### Skyscrapers

Posted:

**Wed 16 Dec, 2020 8:15 pm**Ahead of Round 4 of Division D, I wanted to look at Skyscrapers puzzles.

GM Puzzles give the rules as follows:

Insert a digit from 1 to N into each cell in the N by N grid so that no digit repeats in any row or column. Also, each number in the grid represents the height of a building and the clues on the outside of the grid indicate how many buildings can be “seen” when looking from that direction. Taller buildings block the view of smaller buildings. For example, if a row contained the numbers 15342, then two buildings are seen from the left – 1 and 5 – and three buildings from the right – 2, 4, and 5 – with the other buildings blocked by taller buildings in front of them.

There are a number of things to think about with a skyscrapers puzzle, and I hope to highlight the key ones in this example.

In this 4x4 puzzle, clues of 4 are the biggest giveaway as there's only one way to see all four skyscrapers.

Clues of 1 always mean that the biggest number must sit right in front of it, as the biggest tower can never be hidden in a row.

The biggest towers can often be the easiest to think about. There are two places that the 4 could go on the top row. It can't sit right in front of the 2 clue, because then it would only see one skyscraper, so it must go in the red position.

There must be four 4s in the grid, and there's now only one place for the remaining 4.

Row two needs a 3 and a 1. If the 3 was in the pink position, then the 2 clue at the top would see three skyscrapers, regardless of the order of the remaining skyscrapers in that column, so that isn't right.

The 1 and the 3 must be this way round then.

For the 3 clue on the bottom to hold, the 1 and 2 in this column must be this way around.

Row 3 can be completed with the missing number and Row 4, Column 3 must be 3 otherwise there would be a repeat of 1, 2 or 4 in a row or column.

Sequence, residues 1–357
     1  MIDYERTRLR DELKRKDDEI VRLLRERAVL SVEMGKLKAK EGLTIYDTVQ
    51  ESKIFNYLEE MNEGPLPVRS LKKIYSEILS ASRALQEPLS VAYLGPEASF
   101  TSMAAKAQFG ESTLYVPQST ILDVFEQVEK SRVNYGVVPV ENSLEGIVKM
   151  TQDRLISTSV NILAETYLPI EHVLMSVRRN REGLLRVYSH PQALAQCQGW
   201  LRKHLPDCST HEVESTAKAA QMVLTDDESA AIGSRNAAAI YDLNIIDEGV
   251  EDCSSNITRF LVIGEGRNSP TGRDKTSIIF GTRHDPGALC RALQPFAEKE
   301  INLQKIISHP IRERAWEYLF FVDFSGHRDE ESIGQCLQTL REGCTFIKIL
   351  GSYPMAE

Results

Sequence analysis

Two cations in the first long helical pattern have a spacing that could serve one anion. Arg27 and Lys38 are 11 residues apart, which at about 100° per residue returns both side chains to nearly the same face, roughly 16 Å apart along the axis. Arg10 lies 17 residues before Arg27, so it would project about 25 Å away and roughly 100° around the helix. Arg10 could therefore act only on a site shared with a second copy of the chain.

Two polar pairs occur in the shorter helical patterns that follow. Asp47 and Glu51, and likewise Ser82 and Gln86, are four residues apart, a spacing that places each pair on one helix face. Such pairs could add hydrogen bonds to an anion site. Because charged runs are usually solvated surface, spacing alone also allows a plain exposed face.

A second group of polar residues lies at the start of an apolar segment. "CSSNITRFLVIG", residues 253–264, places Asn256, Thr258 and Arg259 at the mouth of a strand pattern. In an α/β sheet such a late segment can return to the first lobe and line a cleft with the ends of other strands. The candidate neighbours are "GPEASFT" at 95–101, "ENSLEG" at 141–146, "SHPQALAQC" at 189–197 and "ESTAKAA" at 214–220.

This kind of logic fills the rest of the grid.

GM Puzzles give the rules as follows:

Insert a digit from 1 to N into each cell in the N by N grid so that no digit repeats in any row or column. Also, each number in the grid represents the height of a building and the clues on the outside of the grid indicate how many buildings can be “seen” when looking from that direction. Taller buildings block the view of smaller buildings. For example, if a row contained the numbers 15342, then two buildings are seen from the left – 1 and 5 – and three buildings from the right – 2, 4, and 5 – with the other buildings blocked by taller buildings in front of them.

There are a number of things to think about with a skyscrapers puzzle, and I hope to highlight the key ones in this example.

In this 4x4 puzzle, clues of 4 are the biggest giveaway as there's only one way to see all four skyscrapers.

Clues of 1 always mean that the biggest number must sit right in front of it, as the biggest tower can never be hidden in a row.

The biggest towers can often be the easiest to think about. There are two places that the 4 could go on the top row. It can't sit right in front of the 2 clue, because then it would only see one skyscraper, so it must go in the red position.

There must be four 4s in the grid, and there's now only one place for the remaining 4.

Row two needs a 3 and a 1. If the 3 was in the pink position, then the 2 clue at the top would see three skyscrapers, regardless of the order of the remaining skyscrapers in that column, so that isn't right.

The 1 and the 3 must be this way round then.

For the 3 clue on the bottom to hold, the 1 and 2 in this column must be this way around.

Row 3 can be completed with the missing number and Row 4, Column 3 must be 3 otherwise there would be a repeat of 1, 2 or 4 in a row or column.

This kind of logic fills the rest of the grid.